Hospital Productions, founded by Prurient frontman Dominic Fernow, organized Hospital Fest at the Knockdown Center in Queens over the weekend, where music’s strangest and most extraordinary musicians gathered to put on a show flush with dark, ominous electronica, thrash metal and experimental noise bands.
One of the earliest performances in the day came from experimental noise musician Masahiko Okubo better known by the stage name Linekraft. He layered his music with deep, complex electronica while screaming into a microphone before distorting that and incorporating it into the instrumentals. At one point during his set, he took swords and a pipe and battered certain instruments around the stage that created a literal noise of destruction that sprung out from the speakers.
Between sets, the crowd alternated between the Metal Stage set up by the bar where DJs spun metal songs drenched in techno beats and the Main Stage. After Linekraft’s performance, Brandon Stosuy played for a small group of people when they weren’t thrashing and dancing were bellying up the bar to get a fresh Tecate.
Godflesh bassist, G.C. Green performed for the very first time as a solo act under the moniker Vitriol. His sound was a departure from the chaos of Linekraft and instead, hypnotized the audience with his dark, lingering music. The bass shook the floor and up into the bones of listeners. They could literally feel the music he created vibrating up through the floor and into their bodies. His haunting set lasted only a half hour, but the way the audience applauded proved that they wanted more. He bowed over his stand where there was nothing but his Mac and mouthed thank you to the crowd.
Another Godflesh alum, former lead singer Justin Broadrick performed as Jesu and was accompanied by both Kelly Moran and Green. It was a set filled with repetitive and lingering instrumentals. It was at this point during the evening that a dense fog from the smoke machines had settled in a thick cloud over the audience. The strobes reflected off of the vapor while foam from cannons spurted out from above the stage, cut through the vapor and traveled slowly down to the ground. The bits that got stuck on the rafters were shaken loose by the booming guitar and subtle beats from the synthesizer.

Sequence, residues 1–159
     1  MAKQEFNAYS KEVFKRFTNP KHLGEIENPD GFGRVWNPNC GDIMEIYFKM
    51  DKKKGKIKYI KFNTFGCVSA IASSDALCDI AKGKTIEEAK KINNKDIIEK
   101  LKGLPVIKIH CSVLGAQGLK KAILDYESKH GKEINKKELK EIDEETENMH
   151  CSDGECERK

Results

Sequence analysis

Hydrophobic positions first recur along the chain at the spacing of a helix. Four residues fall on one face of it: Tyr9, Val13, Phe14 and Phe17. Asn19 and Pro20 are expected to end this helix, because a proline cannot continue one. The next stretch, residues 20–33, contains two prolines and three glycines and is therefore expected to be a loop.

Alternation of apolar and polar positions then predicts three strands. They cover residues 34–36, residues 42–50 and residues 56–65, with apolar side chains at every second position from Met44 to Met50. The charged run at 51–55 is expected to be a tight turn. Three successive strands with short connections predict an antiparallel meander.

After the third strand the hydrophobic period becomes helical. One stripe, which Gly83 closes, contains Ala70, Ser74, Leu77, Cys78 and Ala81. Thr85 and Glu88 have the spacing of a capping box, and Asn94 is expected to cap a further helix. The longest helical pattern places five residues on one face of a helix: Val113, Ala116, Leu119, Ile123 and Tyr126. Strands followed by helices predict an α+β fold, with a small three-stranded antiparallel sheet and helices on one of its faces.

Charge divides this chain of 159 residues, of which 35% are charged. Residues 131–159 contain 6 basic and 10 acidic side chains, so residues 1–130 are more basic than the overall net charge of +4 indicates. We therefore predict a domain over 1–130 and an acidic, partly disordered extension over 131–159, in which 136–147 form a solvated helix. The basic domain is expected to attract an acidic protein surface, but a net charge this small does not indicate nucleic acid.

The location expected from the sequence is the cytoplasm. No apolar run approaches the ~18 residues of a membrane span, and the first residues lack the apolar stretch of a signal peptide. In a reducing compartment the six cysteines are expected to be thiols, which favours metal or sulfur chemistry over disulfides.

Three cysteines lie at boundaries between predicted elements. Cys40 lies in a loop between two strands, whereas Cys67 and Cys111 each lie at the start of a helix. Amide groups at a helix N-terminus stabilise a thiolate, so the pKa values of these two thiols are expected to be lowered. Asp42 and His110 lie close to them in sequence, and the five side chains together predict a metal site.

A change of pace came in the form of Moran. Immediately after performing with Jesu, she built up her stand where she put nothing but an electric piano on its surface. The intensity of her performance was balanced with the delicate sound of the piano, but there were certain harsh tones that exploded from the keys that kept metal heads enthralled by the music.
The thrash band Power Trip played after a very short, but melodious one-song performance from Fernow’s own band Prurient. Their set began with Prurient’s last song perfectly transitioning into “Manifest Decimation” from Manifest Decimation. The once easygoing crowd transformed into a tangle of limbs where punch dancing and body slamming spread across the entire venue. For “Executioner’s Tax (Swing of the Axe)” from Nightmare Logic, the band explored their newer sound, which borrows more from hardcore punk than metal. “Conditioned to Death” felt as if it was the loudest song as the drums burst from the speakers out onto the writhing crowd. One of the best songs performed by the band was “Hammer in Doubt.” The echo of the lead singer Riley Gale’s vocals paired with the aggressive, fast tempo oscillated between punk and thrash.
The longest performance of the night came from Japanese noise band Merzbow. A calm had settled among the audience after Power Trip’s performance and was replaced with the confrontational noise of Masami Akita. People threw their fists in the air as he manipulated sounds on his mixer and computer. Some songs were more accessible than others while those that were extremely harsh plunged the listener into cognitive dissonance. One couldn’t be sure if they were listening to music or watching performance art. The visuals similar to those that appear in body horror films created a world of unease where the audience anxiously watched in wonder.
A night filled with sinister music and metal is a night well spent, and the musicians performing at Hospital Fest made sure that their listeners felt uncomfortable but also ensured that they had a space where they could explore these darker areas of music and themselves.
Photo Credit: Mehreen Rizvi